CARSON CITY, NV - August 02, 2018
Governor Brian Sandoval today announced a comprehensive review of Nevada’s criminal justice system, with the goal of developing data-driven policies to better protect public safety, hold offenders accountable, and control growing corrections costs.
Governor Sandoval, together with the Chief Justice of the Supreme Court Michael Douglas, Speaker of the Assembly Jason Frierson and Senate Majority Leader Aaron Ford, requested technical assistance through the Justice Reinvestment Initiative. They have charged the Advisory Commission on the Administration of Justice (ACAJ) with evaluating the state’s criminal justice system and developing policy recommendations to be considered during the 2019 legislative session.
Over the next six months the ACAJ will analyze data on the state’s prison, parole, and probation populations; review research on what works to reduce recidivism; and examine effective criminal justice policies in other states.
“Smart criminal justice is a priority for my administration and I am confident that we can find ways to both make our communities safer and cut the growing cost of Nevada’s corrections system,” Governor Brian Sandoval said. “With the ACAJ, we have the right people and the right process in place to generate policies that will improve public safety by keeping violent and career criminals behind bars and directing resources to programs that reduce rates of re-offending.”
According to research commissioned by the legislature, Nevada’s prison population increased by 11 percent between 2010 and 2016, driven in part by a staggering 35 percent increase in the female inmate population. The rising prison numbers have caused Nevada’s annual corrections budget to grow by 14 percent over the last decade, reaching $347 million for the 2019 fiscal year.
“Continuing business as usual is not an option for us,” Senate Majority Leader Ford said. “Our overburdened corrections system cannot continue to divert funds from our state’s necessary educational, healthcare, and economic development programs.”
Additionally, parole release rates have been inconsistent over the last several years. This, along with a projected continued increase in prison admissions, will lead to substantial growth in corrections spending over the next decade. Absent changes, Nevada will face the prospect of building new facilities or contracting with other states in order to house the growing population.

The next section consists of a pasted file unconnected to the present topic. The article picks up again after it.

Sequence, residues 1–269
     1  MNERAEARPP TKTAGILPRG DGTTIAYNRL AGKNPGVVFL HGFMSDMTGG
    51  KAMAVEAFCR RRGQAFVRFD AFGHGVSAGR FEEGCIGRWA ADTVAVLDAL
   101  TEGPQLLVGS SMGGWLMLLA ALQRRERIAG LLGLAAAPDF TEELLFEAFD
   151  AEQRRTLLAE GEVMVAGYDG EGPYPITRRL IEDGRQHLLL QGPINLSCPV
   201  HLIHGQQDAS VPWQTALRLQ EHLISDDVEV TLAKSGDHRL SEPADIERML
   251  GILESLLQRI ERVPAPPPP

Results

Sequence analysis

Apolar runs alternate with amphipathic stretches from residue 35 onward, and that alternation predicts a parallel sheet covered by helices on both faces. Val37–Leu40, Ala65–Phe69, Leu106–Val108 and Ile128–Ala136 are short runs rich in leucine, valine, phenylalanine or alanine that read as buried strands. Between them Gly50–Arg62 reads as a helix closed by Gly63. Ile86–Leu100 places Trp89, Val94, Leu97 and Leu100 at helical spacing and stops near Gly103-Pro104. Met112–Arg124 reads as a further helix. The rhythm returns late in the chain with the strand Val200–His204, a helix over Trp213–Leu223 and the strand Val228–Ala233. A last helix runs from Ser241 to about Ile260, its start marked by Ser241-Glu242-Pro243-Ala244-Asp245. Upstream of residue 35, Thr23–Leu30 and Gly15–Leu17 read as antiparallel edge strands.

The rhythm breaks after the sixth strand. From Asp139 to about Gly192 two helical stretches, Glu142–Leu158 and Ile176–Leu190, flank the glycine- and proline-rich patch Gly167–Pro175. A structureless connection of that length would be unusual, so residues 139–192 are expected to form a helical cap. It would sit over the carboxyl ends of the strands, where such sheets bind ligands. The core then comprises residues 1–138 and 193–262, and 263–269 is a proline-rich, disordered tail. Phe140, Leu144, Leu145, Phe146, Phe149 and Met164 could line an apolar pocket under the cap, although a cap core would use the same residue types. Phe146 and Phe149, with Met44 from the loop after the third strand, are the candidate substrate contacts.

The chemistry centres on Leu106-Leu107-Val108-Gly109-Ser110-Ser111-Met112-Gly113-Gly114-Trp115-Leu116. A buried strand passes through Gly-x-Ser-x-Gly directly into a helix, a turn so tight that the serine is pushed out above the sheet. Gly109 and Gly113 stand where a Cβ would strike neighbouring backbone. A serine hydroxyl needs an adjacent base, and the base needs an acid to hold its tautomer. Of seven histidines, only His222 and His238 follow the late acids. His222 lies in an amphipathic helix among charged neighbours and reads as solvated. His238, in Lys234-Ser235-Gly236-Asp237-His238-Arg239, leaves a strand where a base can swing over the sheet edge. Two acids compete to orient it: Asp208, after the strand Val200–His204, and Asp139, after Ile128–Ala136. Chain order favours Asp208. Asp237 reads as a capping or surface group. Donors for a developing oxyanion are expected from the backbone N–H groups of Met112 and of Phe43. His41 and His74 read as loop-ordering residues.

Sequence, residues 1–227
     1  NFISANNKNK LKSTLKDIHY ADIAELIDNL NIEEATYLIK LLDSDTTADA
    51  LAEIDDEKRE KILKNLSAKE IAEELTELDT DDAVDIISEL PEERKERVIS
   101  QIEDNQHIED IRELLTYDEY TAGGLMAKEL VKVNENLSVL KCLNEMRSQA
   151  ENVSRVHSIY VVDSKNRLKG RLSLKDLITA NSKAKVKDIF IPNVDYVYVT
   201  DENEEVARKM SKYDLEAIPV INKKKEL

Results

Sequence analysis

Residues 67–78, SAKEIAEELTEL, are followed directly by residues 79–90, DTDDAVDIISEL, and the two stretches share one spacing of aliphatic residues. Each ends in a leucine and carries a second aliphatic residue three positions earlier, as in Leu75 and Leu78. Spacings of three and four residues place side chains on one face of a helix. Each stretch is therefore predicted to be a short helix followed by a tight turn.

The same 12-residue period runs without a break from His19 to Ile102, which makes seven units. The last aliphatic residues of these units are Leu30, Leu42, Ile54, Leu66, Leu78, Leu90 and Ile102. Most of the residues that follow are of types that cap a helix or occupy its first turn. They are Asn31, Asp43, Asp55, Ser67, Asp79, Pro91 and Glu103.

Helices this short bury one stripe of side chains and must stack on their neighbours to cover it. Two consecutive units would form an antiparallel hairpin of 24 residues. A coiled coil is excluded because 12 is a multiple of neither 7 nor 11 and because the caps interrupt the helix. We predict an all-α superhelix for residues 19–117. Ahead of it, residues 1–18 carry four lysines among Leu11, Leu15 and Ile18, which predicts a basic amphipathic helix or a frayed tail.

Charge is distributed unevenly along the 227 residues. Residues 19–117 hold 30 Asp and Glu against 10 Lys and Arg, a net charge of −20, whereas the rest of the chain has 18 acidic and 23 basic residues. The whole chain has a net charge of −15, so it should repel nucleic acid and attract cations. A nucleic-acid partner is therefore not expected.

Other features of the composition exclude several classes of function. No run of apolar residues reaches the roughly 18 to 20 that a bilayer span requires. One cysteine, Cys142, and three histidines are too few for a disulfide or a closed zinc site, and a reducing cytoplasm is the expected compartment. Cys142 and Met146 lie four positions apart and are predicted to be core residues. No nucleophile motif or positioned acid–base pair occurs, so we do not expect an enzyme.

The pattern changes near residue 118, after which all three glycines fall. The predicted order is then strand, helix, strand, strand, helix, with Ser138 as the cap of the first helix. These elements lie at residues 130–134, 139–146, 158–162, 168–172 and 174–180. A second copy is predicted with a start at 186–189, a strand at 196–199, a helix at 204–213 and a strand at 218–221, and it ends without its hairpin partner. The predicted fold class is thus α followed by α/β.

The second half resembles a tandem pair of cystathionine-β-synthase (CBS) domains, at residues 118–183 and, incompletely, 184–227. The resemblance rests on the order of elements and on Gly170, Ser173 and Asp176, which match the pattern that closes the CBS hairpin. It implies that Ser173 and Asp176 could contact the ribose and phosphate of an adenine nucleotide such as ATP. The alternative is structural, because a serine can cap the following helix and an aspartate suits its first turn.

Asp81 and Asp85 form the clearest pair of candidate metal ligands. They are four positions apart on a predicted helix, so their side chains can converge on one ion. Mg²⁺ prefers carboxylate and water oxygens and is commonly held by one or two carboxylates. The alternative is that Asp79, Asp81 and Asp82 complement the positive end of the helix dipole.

This growth has not resulted in improved public safety in Nevada – recidivism rates remain high, with one in five prison discharges and one in three parole releases failing the terms of their community supervision within three years of release.
“Our first priority as elected officials is to ensure Nevada families are safe and secure in their homes, community, and state,” said Assembly Speaker Frierson. “Sending more people to prison per capita than our surrounding states at a high cost to our taxpayers particularly with respect to non-violent offenses, does not protect our neighborhoods but instead perpetuates the cycle of poverty. I am proud of the work we have done in a bipartisan manner with Governor Sandoval and his work on criminal justice reform will be part of the legacy he leaves to our state.”
“The ACAJ has been dedicated to looking at these issues for over a decade,” said Chief Justice Douglas. “It is comprised of key stakeholders from diverse backgrounds and experiences in the field who will make thoughtful recommendations on how to improve Nevada’s criminal justice system.”
The ACAJ will receive technical assistance from The Crime and Justice Institute (CJI). Since 2008, CJI and its partners at the Pew Charitable Trusts have worked with more than a dozen states including Alaska, Utah, South Dakota, Oklahoma, and Louisiana to implement policy changes that simultaneously reduced the prison population and cut costs without increases in crime.
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